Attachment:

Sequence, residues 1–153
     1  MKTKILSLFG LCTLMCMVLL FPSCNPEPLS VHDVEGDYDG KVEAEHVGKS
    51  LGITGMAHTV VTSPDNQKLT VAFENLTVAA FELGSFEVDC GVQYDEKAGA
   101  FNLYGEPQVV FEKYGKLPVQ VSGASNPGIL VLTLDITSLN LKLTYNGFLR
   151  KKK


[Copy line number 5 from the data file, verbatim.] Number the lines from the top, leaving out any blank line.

   151  KKK